Texas Gov. Greg Abbott will give the Texas Legislature a chance to restore funding that he eliminated through a veto after Democrats blocked a GOP plan to restrict voting access.

In a list of items for consideration in a special session beginning Thursday, Abbott included Article X funding, the budget for the entire Texas Legislature. Approved in the regular session, the funding for the fiscal year beginning Sept. 1 was eliminated by Abbott’s veto last month.

Abbott said he vetoed the legislature’s two-year budget to punish Democratic members of the House who walked out on the last day of the regular session, killing a measure to restrict voting in the state.

Texas Republicans, like lawmakers in many other GOP-controlled states, introduced measures to reduce voting hours, purge voter rolls, control local election officials and criminalize certain turnout practices in hopes of reducing the impact of Democratic voters. Georgia’s GOP-run legislature passed restrictions after voters in that state elected two Democratic U.S. senators.

Abbott called the new voting restrictions “legislation strengthening the integrity of elections in Texas.”

Texas was among the first states to require a driver’s license or state-issued photo identification or federal passport after the U.S. Supreme Court eliminated a section of the 1965 Voting Rights Act. The section required federal approval of any changes in voting laws in the states affecting black citizens, whose right to vote is protected by the 15th Amendment to the U.S. Constitution.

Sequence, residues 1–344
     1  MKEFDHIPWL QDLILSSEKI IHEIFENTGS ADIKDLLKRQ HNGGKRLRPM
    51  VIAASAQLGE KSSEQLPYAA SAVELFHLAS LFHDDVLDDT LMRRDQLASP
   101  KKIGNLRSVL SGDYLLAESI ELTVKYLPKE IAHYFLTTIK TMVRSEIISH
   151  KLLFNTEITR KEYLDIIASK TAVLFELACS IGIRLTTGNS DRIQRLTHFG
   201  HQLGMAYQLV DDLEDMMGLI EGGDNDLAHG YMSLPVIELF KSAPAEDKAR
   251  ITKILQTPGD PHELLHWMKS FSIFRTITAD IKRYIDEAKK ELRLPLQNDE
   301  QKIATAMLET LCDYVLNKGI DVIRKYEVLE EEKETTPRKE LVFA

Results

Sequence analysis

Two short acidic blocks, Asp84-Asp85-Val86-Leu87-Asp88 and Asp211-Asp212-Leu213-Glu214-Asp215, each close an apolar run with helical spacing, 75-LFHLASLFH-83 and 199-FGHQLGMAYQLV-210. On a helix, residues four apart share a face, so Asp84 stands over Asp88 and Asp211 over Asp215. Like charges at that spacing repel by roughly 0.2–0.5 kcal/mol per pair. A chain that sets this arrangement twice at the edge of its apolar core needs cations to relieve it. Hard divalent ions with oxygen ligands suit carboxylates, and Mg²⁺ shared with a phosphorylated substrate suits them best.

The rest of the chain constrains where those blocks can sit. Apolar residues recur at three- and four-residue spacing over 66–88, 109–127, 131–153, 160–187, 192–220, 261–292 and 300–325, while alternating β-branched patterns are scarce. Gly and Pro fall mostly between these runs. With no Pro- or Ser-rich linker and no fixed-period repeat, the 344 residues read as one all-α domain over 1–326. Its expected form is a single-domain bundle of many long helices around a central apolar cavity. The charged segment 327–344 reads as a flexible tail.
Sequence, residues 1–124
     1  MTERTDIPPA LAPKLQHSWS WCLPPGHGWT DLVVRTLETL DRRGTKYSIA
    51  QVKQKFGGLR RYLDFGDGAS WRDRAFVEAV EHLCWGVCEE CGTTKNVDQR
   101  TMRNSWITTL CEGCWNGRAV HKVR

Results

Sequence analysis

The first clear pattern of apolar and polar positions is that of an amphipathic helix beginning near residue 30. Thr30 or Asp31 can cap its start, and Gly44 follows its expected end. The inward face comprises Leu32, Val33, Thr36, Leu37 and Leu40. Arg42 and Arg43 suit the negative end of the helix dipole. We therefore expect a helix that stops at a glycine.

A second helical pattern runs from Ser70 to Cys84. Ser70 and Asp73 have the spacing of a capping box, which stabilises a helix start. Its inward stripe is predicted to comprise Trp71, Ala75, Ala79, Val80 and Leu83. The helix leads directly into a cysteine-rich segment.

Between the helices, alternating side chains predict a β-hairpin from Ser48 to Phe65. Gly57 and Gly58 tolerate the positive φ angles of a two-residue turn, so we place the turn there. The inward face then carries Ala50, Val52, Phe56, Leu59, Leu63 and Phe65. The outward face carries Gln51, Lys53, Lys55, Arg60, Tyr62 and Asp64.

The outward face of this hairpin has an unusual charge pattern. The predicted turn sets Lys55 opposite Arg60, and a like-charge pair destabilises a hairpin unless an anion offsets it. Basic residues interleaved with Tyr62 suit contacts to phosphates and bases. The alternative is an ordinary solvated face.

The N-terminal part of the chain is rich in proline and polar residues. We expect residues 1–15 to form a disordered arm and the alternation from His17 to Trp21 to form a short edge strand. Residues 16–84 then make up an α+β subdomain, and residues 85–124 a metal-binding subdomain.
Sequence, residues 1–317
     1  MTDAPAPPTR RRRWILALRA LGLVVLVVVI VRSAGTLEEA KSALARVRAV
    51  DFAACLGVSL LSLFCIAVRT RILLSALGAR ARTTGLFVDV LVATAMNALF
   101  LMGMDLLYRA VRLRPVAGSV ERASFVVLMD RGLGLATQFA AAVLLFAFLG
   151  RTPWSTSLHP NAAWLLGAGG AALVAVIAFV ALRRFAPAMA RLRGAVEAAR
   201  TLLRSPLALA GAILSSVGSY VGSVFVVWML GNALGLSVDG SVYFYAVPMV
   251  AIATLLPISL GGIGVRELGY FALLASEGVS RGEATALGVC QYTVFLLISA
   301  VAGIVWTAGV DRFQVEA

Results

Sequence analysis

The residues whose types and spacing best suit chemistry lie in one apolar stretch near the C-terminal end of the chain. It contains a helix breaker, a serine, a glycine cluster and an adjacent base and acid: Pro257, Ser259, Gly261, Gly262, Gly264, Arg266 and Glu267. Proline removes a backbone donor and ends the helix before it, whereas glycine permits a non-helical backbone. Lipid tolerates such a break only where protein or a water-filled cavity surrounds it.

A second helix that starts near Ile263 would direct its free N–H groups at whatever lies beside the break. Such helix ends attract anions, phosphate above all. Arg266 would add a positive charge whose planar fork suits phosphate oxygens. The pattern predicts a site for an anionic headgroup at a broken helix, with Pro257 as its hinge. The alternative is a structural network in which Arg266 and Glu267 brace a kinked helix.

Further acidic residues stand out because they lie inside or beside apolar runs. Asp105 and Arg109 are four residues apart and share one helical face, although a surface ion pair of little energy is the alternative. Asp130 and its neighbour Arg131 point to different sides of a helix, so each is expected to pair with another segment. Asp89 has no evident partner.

Abbott included the voting crackdown in his call for the session, along with the legislative funding and nine other items, ranging from restrictions on transgender children participating in sports to additional restrictions about teaching of how racism affected the state’s and nation’s history.

Republicans who control both houses of the legislature will have a chance to further dilute Democratic voters through redistricting in a second special session expected in the fall.

Other issues identified in the upcoming session include border security, “social media censorship,” limits on abortion drugs, property tax relief, family violence prevention, enhanced cyber security and child protective services reform.

The call did not specify any funding for a border wall, which Abbott pledged to build through state funding and online donations. Abbott has adopted former President Donald Trump’s campaign pledge to build the wall and has echoed Trump’s rhetoric about “carnage” on the border.

Abbott’s call to outlaw “online censorship” would be “safeguarding the freedom of speech by protecting social media users from being censored by social media companies based on the user’s expressed viewpoints, including by providing a legal remedy for those wrongfully excluded from a platform.”

The new law would apply to Trump being banned from social media venues such as Facebook and Twitter after his White House rally for overturning the 2020 election results preceded rioting by his followers at the U.S. Capitol Jan. 6.